• 2 large boneless chicken breasts or
  • (4 boneless chicken thighs) cut into pieces
  • Pinch of salt and pepper
  • 1/2 cup potato starch
  • 1 egg lightly beaten
  • 1 or 2 tbsp water
  • Oil for frying
  • 1 tbsp minced garlic
  • 1 tsp grated ginger
  • 1tbsp soysauce
  • 1/4 cup gochujang
  • 2tbsp white vinegar
  • 1/4 cup mul yut
  • 2 tbsp sugar
  • 2 tbsp siracha hot sauce
  • small handful Frozen or fresh whole corn, Peas, diced carrots or medley
  • 4 to 6 Dried whole chile

Kkang pung ki is another one of those fusion foods that i like to call Korchi (Koreanized chinese) cuisine.  If you want Kkang pung ki in Korea same as Jampong, Ja jang myun, and tangsu yok, you have to go to a chinese restaurant.  however, if you want to enjoy Kkang pung ki in the U.S. you have to go to a korean restaurant or a specialty koreanized chinese restaurants.   If you never had Kkang pung ki it should taste a little sweet, salty, sour, and spicy.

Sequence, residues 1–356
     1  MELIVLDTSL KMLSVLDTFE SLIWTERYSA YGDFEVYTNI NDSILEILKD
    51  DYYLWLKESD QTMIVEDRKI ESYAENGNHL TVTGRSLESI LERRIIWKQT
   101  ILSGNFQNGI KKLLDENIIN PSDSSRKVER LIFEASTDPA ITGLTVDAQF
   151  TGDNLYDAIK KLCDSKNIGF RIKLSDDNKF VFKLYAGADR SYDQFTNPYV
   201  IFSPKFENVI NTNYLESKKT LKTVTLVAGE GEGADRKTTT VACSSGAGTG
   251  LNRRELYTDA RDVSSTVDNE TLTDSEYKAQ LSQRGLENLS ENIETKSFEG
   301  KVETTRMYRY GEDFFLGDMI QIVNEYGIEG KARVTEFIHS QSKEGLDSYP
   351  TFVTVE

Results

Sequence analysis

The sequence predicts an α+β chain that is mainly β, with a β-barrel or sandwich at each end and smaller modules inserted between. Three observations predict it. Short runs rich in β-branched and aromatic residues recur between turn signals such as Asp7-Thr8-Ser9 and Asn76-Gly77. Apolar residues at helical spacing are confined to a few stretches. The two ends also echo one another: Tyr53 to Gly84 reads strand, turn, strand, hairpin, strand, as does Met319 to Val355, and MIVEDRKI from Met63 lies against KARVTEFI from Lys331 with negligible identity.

the picture is just a guide line, i was making enough Kkang pung ki for my meet up group of 30 that came.  

slice your choice of chicken and lightly salt them and then let them rest for few minutes. 

put your chicken in a huge bowl and add the eggs and pepper and toss around well.

 after your chicken is thoroughly mixed add the cornstarch and a little water (1tbsp)

sometimes you may not need the additional water depending on factors such as how moist your chicken is and how big your egg was. 

 

The batter should just barely hug the chicken and even though it appears like there is too little batter; it will puff up when fried.  drop the chicken individually in 350 degree oil.  In minutes you will see the chicken puff up and float.  you can take it out and drain it on newspaper or paper towel.    It takes only few minutes for the chicken to cook because of the size so try not to over cook them especially if you are using white meat. 

For the Sauce: